This new guy says something like ... "I don't care, this is against code, I can't believe you have seven people living in this house anyway ... this is crazy. I'm calling this in and you're not getting this turned on."
I lose it! I'm literally walking around Best Buy SCREAMING at this person.
Not my finest hour.
And for those of you who don't know me, I'm a very calm person ... I rarely scream ... like ever.
But when I do I'm like Hulk Hogan ripping off my shirt as I lose it.
I was fired up, my veins were popping out of my neck and my forehead and right at that moment, a friend that I haven't seen in at least ten years walks by as I'm doing laps in Best Buy screaming my head off ... I put on a fake smile and wave and then get back to screaming.
It was ridiculous and I'm not proud of that 15-20 minutes.
Anyway, I hang up ... call Nick with the ridiculous update and then get on the phone with a supervisor that explains that the repair guy was right, they're not going to turn on the gas to water heater while it's in a bedroom.
I state that the student will sleep in the family room that night if they'll do it. Or, if they prefer I'll pay to have him stay in a hotel and I'll rename that room "the storage area".
This proves to be unconvincing to them.
Then the water heater repair guys states that they'll need the wall to be re-built with more studs than it has now. Slapping up the old piece of drywall isn't good enough.
Apparently when the took the wall down the drywall was being held up by the top and bottom only ... there were no studs (pieces of wood) in the wall. So they would need a better wall built before they turned on the gas.
We bought the house from an older genteman and had spent tens of thousands renovating already but we hadn't checked that this one little wall "had enough studs in it".
It was all rather ridiculous.
And to make matters worse the "gas guy" was so busy he can't come back for three days.
At this point after much more yelling, I call the students and offer to pay for them ALL to stay in a hotel for a few nights.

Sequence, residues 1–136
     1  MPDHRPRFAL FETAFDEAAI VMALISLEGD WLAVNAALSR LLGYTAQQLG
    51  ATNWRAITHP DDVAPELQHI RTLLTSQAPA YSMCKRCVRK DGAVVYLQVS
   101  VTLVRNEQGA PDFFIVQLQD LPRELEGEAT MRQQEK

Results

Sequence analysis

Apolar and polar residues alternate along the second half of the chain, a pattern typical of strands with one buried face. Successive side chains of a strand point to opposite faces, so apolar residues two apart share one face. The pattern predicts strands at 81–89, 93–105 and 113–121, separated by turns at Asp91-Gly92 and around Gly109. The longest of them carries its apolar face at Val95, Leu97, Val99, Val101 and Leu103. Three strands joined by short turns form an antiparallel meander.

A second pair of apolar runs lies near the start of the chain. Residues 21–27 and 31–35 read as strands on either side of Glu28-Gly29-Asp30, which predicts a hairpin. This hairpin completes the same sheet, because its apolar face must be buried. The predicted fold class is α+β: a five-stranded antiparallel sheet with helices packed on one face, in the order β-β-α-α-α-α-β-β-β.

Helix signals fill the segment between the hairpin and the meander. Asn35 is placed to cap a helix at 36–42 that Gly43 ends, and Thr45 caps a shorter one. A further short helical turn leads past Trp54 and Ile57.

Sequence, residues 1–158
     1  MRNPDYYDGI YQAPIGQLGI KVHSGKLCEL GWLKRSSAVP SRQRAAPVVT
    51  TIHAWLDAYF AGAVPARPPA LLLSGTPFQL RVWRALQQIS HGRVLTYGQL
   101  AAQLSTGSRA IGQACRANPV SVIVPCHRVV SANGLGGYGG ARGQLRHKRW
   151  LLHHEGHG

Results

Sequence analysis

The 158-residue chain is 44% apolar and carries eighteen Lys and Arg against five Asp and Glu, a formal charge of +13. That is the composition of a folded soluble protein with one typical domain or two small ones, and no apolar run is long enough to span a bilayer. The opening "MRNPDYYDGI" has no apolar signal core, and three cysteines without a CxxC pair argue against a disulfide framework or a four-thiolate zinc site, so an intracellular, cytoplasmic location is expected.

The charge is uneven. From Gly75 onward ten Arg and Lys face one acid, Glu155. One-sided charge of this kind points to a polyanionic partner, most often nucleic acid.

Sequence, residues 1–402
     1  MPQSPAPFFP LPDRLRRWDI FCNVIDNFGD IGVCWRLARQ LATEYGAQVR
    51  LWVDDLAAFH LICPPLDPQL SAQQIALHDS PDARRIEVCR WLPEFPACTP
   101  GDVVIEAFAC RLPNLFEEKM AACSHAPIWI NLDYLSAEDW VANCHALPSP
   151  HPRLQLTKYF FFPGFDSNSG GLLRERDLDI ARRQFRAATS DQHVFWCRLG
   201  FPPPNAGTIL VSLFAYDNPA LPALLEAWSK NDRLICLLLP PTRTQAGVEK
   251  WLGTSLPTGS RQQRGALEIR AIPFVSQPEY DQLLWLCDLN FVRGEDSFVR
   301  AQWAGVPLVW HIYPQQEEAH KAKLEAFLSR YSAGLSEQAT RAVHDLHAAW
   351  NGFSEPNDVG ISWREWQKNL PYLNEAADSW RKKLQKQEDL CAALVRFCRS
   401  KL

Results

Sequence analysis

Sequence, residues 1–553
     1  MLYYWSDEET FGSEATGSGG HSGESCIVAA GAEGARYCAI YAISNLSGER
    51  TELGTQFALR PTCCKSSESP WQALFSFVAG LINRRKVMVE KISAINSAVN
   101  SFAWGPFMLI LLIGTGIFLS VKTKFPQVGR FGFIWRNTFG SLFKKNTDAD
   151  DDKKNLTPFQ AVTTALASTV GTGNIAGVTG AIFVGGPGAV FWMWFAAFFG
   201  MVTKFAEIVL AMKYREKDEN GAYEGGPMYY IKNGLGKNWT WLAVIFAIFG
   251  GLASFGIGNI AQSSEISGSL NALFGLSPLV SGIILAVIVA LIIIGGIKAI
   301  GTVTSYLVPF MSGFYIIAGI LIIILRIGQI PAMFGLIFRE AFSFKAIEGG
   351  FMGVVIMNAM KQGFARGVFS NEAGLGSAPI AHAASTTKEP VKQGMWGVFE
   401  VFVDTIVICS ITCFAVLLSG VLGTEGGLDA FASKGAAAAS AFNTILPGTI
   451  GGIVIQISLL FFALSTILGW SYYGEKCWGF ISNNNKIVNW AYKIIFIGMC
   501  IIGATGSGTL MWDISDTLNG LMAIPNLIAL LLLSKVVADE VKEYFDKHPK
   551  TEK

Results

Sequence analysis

They turn it down and state that Nick and I have been great to them and that they'll gladly shower at the gym at school until the problem is fixed and would let their parents know what was going on.
We go into massive action mode.
It was Friday night at this point and none of our contacts could come out to build this wall.
We convince an old friend who is handy with this type of stuff to come out with us on a Saturday evening to replace that wall.
None of us wanted to be there that Saturday evening.
But it got done.
On Monday the gas was turned back on and the house had hot water.
It was not the most relaxing weekend.
But there is a tiny bit of good news....
Over the last six years, since "the event", that property has earned us over $180,000 in gross rental revenues and appreciated in value by about $70,000 dollars.
When my son goes to University that property will likely be completely paid off, the net revenues for the property will be huge and Nick and I will have a great cash flowing asset on our hands.
So is it all worth it?
Did we learn a few things from that event? Of course.
Did we handle things the best we could? Probably not.
But here's the thing.
We didn't let that situation distract us from our long-term goals.
Too many real estate investors face a little situation like that and immediately want to sell their property because it's "too much hassle".
Today we look at handling stress as a competitive advantage.
We're not perfect at it but we do our best to never let short-term pain distract from long-term gain.
To live the life we want requires work, we know that and we're not scared of it.
And looking back this incident seems like no big deal at all ... but at the time it felt like the end of the world.
Hopefully sharing this little escapade of ours gives you some strength to battle through your next stressful adventure! 🙂
And if you see me screaming in Best Buy please let me know what a fool I'm making of myself!
Until next time ... Your Life! Your Terms!